Happy building. You'll like that 383! :bow: :D :D :D
     
  5. CaveBlazin

    CaveBlazin 1/2 ton status Premium Member

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    As they were saying I would use the circle base cam, you should not have a problem with clearance. As for the other I agree with them too on clearancing your block instead of rods, thats what I did. If you can get a 400sbc oil pan or you can tap some dents in your OEM pan but if you dont the rods will rub and sound like you have a rod knocking. That happened to me and it scared me to death I thought I had a rod knocking when I first fired the engine up but found out it was the rod hitting the oil pan DOAH!!! Good luck!!!!!!
     
  6. neverendingproject

    neverendingproject 1/2 ton status

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    Im not going to get a small base cam, because they dont make the grind I want in a small base circle.

    Also, I dont plan on clearancing the rods for the block, just for the cam, thats what I wanted pictures of. (along with specific clearances)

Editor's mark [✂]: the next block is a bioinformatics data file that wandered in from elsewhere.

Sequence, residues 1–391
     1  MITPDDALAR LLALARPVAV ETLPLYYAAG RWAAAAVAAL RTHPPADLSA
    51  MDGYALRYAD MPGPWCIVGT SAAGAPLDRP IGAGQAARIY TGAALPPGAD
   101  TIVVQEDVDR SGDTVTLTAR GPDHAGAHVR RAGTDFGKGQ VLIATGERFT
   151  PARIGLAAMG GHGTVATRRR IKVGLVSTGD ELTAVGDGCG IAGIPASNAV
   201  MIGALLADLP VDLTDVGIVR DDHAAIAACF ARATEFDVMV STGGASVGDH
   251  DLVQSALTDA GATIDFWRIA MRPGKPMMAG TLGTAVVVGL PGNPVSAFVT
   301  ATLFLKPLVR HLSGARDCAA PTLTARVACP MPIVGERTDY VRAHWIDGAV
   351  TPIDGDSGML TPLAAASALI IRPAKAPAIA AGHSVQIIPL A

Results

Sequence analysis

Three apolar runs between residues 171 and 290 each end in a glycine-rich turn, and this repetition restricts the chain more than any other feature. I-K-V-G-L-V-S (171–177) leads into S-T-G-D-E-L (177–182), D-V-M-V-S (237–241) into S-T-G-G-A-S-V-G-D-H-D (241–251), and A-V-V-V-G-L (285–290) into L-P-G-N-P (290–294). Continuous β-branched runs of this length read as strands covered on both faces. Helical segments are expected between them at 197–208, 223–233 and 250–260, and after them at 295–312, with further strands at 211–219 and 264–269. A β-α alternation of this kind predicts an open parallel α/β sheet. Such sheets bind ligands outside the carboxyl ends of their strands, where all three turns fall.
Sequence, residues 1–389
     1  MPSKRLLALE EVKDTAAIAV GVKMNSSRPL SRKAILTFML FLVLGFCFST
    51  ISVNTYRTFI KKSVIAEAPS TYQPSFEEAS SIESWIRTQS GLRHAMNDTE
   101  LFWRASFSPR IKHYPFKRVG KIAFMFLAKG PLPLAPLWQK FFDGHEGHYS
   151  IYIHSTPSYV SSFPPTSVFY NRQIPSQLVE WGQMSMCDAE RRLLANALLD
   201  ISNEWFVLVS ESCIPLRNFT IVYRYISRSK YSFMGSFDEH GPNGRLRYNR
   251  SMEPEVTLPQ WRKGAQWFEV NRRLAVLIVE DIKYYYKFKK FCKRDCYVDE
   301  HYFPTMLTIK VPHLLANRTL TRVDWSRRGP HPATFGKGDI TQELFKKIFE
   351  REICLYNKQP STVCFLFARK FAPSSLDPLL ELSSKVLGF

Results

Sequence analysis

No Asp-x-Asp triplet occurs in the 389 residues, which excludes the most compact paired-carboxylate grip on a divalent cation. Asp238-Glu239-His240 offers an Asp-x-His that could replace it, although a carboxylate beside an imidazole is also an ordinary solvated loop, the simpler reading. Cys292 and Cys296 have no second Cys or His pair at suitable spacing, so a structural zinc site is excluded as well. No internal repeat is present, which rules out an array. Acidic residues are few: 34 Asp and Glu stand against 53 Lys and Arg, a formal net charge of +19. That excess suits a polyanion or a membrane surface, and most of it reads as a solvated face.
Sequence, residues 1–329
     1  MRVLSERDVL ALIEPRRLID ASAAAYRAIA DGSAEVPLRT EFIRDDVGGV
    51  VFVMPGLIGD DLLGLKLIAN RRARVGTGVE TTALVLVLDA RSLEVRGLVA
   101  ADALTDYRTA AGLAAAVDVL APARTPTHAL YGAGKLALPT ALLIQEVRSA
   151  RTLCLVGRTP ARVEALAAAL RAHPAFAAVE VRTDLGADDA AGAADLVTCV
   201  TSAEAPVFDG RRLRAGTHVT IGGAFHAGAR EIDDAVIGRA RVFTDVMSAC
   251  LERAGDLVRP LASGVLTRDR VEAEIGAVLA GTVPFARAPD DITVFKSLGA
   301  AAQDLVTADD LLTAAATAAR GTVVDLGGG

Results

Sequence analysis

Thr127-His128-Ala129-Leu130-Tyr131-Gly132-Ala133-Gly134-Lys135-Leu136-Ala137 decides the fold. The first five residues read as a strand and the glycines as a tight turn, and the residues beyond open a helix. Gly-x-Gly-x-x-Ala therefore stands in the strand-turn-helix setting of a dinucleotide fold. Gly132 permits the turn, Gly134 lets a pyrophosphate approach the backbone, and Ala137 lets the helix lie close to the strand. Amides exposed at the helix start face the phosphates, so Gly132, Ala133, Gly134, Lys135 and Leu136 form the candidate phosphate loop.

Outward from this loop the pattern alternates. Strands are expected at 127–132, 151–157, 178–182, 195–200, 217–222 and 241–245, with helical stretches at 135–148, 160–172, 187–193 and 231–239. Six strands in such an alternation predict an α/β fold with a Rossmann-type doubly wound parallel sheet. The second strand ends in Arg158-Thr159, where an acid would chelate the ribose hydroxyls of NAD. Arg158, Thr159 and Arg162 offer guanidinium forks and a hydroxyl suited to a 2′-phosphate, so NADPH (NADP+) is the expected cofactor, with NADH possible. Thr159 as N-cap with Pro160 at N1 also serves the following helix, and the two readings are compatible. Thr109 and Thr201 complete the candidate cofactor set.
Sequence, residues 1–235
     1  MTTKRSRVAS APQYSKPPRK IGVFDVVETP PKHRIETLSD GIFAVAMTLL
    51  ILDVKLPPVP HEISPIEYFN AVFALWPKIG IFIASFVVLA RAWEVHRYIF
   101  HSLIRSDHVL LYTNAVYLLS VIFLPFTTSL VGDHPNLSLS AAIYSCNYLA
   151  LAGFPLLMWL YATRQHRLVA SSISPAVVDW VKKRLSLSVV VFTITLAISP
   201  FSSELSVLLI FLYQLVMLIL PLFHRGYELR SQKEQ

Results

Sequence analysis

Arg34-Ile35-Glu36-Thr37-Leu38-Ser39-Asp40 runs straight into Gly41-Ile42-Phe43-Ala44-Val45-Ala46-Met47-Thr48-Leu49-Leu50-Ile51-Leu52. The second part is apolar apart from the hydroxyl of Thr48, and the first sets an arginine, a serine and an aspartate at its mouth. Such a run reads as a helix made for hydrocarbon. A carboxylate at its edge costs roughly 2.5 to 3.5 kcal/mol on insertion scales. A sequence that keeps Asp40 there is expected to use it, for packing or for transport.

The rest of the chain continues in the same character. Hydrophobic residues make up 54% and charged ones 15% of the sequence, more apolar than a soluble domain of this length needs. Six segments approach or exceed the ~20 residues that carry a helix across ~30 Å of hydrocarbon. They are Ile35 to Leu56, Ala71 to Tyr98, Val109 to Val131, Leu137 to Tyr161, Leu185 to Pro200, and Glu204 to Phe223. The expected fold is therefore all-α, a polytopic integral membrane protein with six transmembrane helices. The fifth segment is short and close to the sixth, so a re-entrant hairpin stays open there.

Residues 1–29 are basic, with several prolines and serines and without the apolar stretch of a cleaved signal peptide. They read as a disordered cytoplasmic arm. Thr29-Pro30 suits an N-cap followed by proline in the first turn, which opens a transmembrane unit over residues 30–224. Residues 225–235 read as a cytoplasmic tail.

7. 4X4HIGH

    4X4HIGH 1 ton status Premium Member GMOTM Winner

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    But you WILL have to clearance the block to clear the rod.
     
  8. neverendingproject

    neverendingproject 1/2 ton status

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  9. gauder

    gauder Banned

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    You probably already know this then, but try to take the same amount of material off of each rod to keep the rotating assembly in balance.
     
  10. dyeager535

    dyeager535 1 ton status Premium Member

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    The rods aren't going to be balanced right no matter if you take the same amount of material off of each rod anyways. It's not a simple equal weight function with rods.